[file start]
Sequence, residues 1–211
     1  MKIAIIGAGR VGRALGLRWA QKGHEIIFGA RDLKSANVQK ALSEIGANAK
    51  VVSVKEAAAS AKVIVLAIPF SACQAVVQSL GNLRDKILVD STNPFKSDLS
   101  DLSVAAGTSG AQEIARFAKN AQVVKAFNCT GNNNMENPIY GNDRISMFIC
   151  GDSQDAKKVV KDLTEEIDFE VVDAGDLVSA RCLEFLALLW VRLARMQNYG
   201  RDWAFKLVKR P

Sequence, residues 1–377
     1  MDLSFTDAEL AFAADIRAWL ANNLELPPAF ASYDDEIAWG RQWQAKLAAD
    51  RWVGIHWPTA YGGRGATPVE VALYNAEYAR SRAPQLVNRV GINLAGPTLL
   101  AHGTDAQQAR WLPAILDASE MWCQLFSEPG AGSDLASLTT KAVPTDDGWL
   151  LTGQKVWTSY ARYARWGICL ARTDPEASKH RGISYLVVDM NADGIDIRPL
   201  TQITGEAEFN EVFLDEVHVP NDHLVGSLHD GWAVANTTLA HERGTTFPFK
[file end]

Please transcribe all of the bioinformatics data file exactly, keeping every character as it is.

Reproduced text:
Sequence, residues 1–211
     1  MKIAIIGAGR VGRALGLRWA QKGHEIIFGA RDLKSANVQK ALSEIGANAK
    51  VVSVKEAAAS AKVIVLAIPF SACQAVVQSL GNLRDKILVD STNPFKSDLS
   101  DLSVAAGTSG AQEIARFAKN AQVVKAFNCT GNNNMENPIY GNDRISMFIC
   151  GDSQDAKKVV KDLTEEIDFE VVDAGDLVSA RCLEFLALLW VRLARMQNYG
   201  RDWAFKLVKR P

Sequence, residues 1–377
     1  MDLSFTDAEL AFAADIRAWL ANNLELPPAF ASYDDEIAWG RQWQAKLAAD
    51  RWVGIHWPTA YGGRGATPVE VALYNAEYAR SRAPQLVNRV GINLAGPTLL
   101  AHGTDAQQAR WLPAILDASE MWCQLFSEPG AGSDLASLTT KAVPTDDGWL
   151  LTGQKVWTSY ARYARWGICL ARTDPEASKH RGISYLVVDM NADGIDIRPL
   201  TQITGEAEFN EVFLDEVHVP NDHLVGSLHD GWAVANTTLA HERGTTFPFK